Who does Iago say put money in thy purse?

Who does Iago say put money in thy purse?

In the first interpretation, we can perceive “put money in thy purse” to mean that Iago is instructing Roderigo to start saving up (or even generating more money, perhaps through selling land) so that Roderigo may go to Cyprus to win over Desdemona.

Which character is Iago using as his purse?

Roderigo has opened his purse to Iago in the mistaken belief that Iago is using his money to pave the way to Desdemona’s bed….

Othello character
Robert Coote as Roderigo in the Turkish bath scene from Orson Welles’ 1952 film, Othello
Created by William Shakespeare

Is advised by Iago to put money in thy purse?

Iago convinces Roderigo that “It cannot be long that Desdemona will love the Moor and to put money in thy purse” (1.3. 339-340). At this point it becomes obvious that Iago takes full advantage of the ill-advised Roderigo.

Who is Roderigo in love with?

Facts we learn about Roderigo at the start of the play: He is in love with Desdemona and wanted to marry her. He believes Iago is trying to help him win Desdemona’s love. He is so keen to win Desdemona that he follows the army to Cyprus.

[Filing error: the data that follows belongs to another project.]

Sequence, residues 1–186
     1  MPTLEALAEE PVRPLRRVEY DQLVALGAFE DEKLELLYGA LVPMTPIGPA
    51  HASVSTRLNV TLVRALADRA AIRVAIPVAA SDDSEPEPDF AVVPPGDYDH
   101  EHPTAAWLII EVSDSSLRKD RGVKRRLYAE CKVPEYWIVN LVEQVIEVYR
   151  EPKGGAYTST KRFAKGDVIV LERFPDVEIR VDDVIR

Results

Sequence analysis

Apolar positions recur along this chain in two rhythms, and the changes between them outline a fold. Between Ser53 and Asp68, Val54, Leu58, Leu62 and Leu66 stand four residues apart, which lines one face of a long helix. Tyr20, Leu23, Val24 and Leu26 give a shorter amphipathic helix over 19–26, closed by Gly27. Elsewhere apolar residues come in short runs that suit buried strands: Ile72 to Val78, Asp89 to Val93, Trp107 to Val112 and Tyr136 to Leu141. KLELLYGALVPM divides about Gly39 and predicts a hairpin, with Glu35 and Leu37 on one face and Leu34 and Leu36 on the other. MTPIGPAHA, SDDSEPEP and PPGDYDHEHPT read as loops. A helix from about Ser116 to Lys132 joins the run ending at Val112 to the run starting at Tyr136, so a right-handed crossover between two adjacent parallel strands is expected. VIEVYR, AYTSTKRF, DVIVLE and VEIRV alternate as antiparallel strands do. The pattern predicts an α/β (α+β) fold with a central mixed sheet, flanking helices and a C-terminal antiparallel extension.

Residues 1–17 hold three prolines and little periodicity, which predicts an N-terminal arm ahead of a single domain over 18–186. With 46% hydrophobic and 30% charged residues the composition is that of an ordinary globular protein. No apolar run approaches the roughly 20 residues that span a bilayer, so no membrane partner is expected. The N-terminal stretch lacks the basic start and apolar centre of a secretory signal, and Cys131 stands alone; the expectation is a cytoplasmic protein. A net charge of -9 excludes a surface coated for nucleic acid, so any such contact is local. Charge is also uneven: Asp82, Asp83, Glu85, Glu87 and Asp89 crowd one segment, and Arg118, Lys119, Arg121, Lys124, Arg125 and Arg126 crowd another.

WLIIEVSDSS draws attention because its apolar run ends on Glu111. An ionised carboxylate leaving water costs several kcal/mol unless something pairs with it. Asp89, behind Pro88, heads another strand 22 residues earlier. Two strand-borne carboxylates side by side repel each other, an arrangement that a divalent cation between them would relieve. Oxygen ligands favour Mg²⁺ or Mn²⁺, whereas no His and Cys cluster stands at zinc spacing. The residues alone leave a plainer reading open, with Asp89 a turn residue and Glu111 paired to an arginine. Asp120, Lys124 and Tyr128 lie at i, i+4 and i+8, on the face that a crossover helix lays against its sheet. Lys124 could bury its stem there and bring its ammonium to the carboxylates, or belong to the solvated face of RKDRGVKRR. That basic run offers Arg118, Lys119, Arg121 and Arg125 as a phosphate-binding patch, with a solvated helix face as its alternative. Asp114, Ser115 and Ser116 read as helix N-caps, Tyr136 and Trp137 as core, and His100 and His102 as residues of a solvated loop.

Does Iago steal from Roderigo?

Roderigo is frantically in love with Othello’s wife Desdemona, a situation Iago skillfully exploits: he takes Roderigo’s gifts, insisting that he’s delivering them to Desdemona, while keeping them himself.

What does Iago hate Othello?

Iago hates Othello with a passion, and in his heart he truly believes that Othello has slept with his wife Emilia. “I hate the Moor, and it is abroad that ‘twixt my sheets ‘has done my office” Othello.

Why did Iago want Cassio dead?

Iago wants Cassio dead because he says Cassio has a good character that makes Iago look bad, and if Othello confronts Cassio then his plan will be foiled. Iago feels he will also benefit if Cassio kills Roderigo. Cassio has armor underneath his clothes that saves him from Roderigo when he stabs him.

What three reasons does Iago give for hating Othello?

It is not that Iago gives no reasons for what he does. In fact, he gives several: he resents Othello promoting Cassio over him; he loves Desdemona himself; he fears that “the lusty Moor” (II. ii. 292) has cuckolded him with his wife Emilia; he even fears that hapless Cassio has cuckolded him as well.